Are terrestrial planets really that similar to Earth? What to know about their composition

Terrestrial planets are said to be Earth-like, but that may not be the case.
Maia Mulko
Earth, Venus and Mercury.
Earth, Venus and Mercury.

buradaki/iStock

  • There are four terrestrial planets in our solar system, and billions of them are outside our solar system.
  • Terrestrial planets are made of rock and silicate around a metallic core.
  • Earth is the largest terrestrial planet in our solar system.

A terrestrial planet is a planet that is primarily made of rock and metals. Therefore, a terrestrial planet has a solid and firm planetary surface, like Earth.

That is why terrestrial planets are said to be Earth-like. But how true is that? And most importantly, could terrestrial planets other than Earth support life?

What are the terrestrial planets?

In our solar system, the four inner planets are all categorized as terrestrial. The inner planets are the four that are closest to the Sun: Mercury, Venus, Earth, and Mars.

Are terrestrial planets really that similar to Earth? What to know about their composition
Terrestrial planets size comparison

That is where the terrestrial planets' list ends in the solar system, but there are also many terrestrial planets outside of it. NASA estimates that there could be more than 10 billion terrestrial planets just in the Milky Way.

However, just because a planet is classified as terrestrial, it doesn't mean that it's necessarily habitable. For example, in the solar system, Mercury and Venus are too hot for life to thrive, and Mars is likely too cold. Apart from this, Mercury and Mars do not have a protective, breathable atmosphere like Earth's, and Venus has an extremely dense and toxic one.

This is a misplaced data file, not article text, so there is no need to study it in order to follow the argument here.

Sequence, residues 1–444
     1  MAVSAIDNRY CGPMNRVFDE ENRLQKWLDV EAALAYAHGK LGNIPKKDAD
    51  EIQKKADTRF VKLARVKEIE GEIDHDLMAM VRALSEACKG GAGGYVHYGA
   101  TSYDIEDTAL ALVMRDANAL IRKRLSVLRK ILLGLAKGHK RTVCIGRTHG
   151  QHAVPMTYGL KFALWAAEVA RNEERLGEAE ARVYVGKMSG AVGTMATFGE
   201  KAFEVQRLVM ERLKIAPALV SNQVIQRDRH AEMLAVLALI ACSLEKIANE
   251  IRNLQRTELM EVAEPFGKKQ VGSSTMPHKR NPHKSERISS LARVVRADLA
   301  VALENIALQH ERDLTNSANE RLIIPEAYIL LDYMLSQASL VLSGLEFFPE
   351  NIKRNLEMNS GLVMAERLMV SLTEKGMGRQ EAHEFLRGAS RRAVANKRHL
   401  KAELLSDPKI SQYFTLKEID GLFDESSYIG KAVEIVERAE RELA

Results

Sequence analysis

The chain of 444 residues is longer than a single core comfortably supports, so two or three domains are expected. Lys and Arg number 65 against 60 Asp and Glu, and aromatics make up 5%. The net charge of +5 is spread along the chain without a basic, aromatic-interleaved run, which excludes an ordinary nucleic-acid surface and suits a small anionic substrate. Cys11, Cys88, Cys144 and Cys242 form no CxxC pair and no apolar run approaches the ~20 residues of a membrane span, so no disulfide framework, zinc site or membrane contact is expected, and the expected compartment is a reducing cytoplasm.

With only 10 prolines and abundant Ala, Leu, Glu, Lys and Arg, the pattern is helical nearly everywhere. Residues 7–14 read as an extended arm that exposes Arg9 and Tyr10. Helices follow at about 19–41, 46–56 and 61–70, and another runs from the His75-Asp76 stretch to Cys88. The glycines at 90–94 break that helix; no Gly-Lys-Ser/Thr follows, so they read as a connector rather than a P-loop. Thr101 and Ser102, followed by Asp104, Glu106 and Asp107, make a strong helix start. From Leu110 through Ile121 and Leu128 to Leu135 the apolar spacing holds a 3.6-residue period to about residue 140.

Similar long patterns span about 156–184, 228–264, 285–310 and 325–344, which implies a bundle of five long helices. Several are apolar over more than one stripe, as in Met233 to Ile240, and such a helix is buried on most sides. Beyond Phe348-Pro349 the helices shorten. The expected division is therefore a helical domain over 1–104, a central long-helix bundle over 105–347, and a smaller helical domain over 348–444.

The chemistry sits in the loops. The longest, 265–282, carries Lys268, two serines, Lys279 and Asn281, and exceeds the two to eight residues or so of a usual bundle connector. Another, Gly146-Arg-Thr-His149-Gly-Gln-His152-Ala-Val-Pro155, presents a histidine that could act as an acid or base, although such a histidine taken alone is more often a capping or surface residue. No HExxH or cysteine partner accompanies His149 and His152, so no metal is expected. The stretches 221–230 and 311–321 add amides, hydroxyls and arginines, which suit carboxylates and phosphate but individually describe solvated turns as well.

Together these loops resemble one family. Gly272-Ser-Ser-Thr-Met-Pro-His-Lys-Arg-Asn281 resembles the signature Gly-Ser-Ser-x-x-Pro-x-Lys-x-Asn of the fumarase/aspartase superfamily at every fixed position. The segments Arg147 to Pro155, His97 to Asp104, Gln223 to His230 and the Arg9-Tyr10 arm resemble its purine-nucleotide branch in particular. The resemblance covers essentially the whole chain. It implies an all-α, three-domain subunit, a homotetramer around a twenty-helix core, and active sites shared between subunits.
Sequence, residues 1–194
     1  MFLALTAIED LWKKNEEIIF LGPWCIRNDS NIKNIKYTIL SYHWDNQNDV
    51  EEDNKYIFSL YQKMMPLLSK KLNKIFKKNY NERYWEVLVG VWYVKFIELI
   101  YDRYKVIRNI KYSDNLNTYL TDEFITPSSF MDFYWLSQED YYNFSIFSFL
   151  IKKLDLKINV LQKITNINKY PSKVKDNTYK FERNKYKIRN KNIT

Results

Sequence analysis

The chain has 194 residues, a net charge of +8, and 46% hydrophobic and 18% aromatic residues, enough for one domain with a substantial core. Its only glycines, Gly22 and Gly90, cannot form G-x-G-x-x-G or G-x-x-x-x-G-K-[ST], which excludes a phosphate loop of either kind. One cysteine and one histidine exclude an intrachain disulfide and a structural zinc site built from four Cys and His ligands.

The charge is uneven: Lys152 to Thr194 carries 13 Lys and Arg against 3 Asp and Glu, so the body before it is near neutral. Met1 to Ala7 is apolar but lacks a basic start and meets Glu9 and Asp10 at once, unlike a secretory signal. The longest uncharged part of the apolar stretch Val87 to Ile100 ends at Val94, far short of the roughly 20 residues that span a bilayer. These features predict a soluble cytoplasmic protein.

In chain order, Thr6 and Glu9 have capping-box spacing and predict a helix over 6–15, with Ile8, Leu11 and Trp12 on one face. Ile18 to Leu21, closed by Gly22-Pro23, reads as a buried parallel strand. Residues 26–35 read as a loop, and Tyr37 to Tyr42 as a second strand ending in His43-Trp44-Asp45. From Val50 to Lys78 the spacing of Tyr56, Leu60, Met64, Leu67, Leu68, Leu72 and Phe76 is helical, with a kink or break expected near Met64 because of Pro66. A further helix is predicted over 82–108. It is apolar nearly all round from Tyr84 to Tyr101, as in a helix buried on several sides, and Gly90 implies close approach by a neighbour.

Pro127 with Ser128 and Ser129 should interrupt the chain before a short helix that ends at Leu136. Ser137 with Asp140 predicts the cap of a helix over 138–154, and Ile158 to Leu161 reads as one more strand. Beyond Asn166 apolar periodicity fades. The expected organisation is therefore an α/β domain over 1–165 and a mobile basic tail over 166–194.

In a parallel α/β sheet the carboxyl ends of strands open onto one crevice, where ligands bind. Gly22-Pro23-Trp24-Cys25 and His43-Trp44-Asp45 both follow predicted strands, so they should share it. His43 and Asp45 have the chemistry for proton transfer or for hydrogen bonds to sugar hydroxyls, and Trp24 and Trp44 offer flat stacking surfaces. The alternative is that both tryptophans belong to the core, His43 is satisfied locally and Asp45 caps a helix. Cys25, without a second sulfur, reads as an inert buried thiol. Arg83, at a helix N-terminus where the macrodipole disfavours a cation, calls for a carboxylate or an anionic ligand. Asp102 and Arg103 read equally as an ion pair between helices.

Outside of the Solar System, Kepler-10b was the first confirmed terrestrial planet discovered by the Kepler Space Telescope. However, it is too close to its Sun-like star, Kepler 10, and so too hot to support life, as far as we know.

In 2017, NASA discovered seven terrestrial planets orbiting TRAPPIST-1, an ultra-cool red dwarf star in the constellation Aquarius, about 40 light-years from Earth. These rocky, Earth-size worlds could contain surface water in different physical states depending on their distance from their host star.

Are terrestrial planets really that similar to Earth? What to know about their composition
TRAPPIST-1 planetary system

However, only three of them are located in the habitable zone, where liquid water is most likely to exist. The planets closest to the star presumably contain water vapor, while the planets farthest away are most likely icy. This exoplanet system is called after the central star that keeps it together, TRAPPIST-1.